My take:

Major plot points:

We follow two separate plot threads, Jamie’s and Claire’s.

  • Jamie wakes on the battlefield in a heap of bodies, half-dead and with visions of the last day flashing before his eyes.
  • We see him at Craigh na Dun after saying good-bye to Claire, then arriving at Culloden, where Prince Charles still thinks he’s going to have a victory.
  • We see flashes of Jamie on the battlefield, carnage all around him, finally killing Black Jack Randall while receiving his own seemingly fatal wound.

  • Jamie’s life is ultimately spared by Lord Melton, older brother of John Grey, who considers there to be a debt of honor due to Jamie’s sparing of John’s life at Carryarick.
  • Meanwhile, Frank and Claire are beginning their life together in Boston.
  • Claire is not well-suited to the life of a faculty housewife, expected to look pretty, stay quiet, and prepare dinner on a modern-day stove.
  • Claire can’t allow Frank to touch her. Things are tense.
  • Finally, Claire goes into labor, and delivers a healthy baby girl. Claire and Frank declare themselves ready for a new beginning, which is immediately tested by a nurse asking where the baby got her red hair. Oops. Loaded question.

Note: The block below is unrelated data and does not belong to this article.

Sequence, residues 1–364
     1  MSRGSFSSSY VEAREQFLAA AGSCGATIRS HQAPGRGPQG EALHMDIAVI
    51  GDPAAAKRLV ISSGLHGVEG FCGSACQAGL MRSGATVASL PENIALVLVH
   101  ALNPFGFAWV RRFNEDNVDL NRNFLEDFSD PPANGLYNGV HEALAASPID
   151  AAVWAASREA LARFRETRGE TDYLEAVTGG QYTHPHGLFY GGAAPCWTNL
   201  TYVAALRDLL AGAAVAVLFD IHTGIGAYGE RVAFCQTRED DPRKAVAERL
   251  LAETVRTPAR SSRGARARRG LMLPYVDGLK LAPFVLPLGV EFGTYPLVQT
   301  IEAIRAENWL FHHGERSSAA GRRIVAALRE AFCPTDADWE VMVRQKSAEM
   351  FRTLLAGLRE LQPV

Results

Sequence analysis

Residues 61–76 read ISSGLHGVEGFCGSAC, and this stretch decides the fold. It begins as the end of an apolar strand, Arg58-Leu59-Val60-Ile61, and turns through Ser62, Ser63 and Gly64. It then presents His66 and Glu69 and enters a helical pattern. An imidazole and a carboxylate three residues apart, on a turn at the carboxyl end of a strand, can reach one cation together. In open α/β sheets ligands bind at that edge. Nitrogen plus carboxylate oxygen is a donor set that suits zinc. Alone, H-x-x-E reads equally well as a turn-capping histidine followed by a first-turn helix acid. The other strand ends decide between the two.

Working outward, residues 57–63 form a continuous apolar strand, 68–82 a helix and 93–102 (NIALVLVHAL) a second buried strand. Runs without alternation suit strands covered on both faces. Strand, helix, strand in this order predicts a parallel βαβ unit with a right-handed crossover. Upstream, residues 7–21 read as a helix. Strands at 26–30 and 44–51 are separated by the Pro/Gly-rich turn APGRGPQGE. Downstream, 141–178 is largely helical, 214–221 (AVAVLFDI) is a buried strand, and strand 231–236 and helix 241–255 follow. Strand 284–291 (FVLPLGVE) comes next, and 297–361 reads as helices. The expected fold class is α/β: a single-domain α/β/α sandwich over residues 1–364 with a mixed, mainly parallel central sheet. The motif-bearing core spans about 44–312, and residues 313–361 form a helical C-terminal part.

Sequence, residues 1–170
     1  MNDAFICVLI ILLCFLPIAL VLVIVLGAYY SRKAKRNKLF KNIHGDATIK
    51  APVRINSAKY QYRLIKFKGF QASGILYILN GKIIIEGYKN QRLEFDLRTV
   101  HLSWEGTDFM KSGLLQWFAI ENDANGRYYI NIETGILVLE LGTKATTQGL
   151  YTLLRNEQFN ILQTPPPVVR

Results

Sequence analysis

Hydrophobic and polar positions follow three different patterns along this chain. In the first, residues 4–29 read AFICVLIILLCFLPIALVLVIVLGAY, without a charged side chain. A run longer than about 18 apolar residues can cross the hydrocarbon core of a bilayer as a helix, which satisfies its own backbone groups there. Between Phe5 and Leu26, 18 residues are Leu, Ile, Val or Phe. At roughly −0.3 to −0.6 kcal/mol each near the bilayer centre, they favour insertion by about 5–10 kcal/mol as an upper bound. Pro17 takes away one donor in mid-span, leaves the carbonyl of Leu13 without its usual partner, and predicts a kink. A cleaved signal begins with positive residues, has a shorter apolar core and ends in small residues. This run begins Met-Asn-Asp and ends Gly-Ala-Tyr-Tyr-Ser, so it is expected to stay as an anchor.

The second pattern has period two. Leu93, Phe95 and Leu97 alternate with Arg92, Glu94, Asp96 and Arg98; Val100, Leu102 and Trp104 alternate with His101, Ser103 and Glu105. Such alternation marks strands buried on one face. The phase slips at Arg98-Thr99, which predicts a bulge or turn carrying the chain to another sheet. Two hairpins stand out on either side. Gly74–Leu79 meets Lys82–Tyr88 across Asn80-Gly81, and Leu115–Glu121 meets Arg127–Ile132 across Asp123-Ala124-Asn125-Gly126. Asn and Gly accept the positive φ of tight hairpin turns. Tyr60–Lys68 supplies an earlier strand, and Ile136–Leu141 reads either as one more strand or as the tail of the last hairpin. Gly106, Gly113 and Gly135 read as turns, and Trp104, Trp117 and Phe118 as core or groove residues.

Such a beautiful episode. Really, I couldn’t have asked for better.

Book readers will know that while Voyager starts with Jamie lying wounded on the battlefield, wondering if he’s dead already, we never actually see the Battle of Culloden. It’s quite effective that it’s shown, with all its horror and carnage. The Jacobites are running with swords into the line of fire from guns and cannon, and they just don’t stand a chance.

And that blasted Prince Charles, still dreaming of victory as he shows off his pretty silver cups while the men devoted to a Stuart restoration rush to their deaths. So terribly, needlessly tragic.

Jamie’s vision of Claire on the battlefield is lovely. She’s all he can see, and he has nothing without her.

I enjoyed the brief moments of Murtagh during the battle and the quick interchange between him and Jamie. His fate, at least on this episode, is unknown, although I think it’s safe to assume that he met the same end here as in the book. Or does he? Is the show leaving open the possibility that we’ll see him again? Murtagh’s death in the books was one of the hardest to take. A fan can hope, right?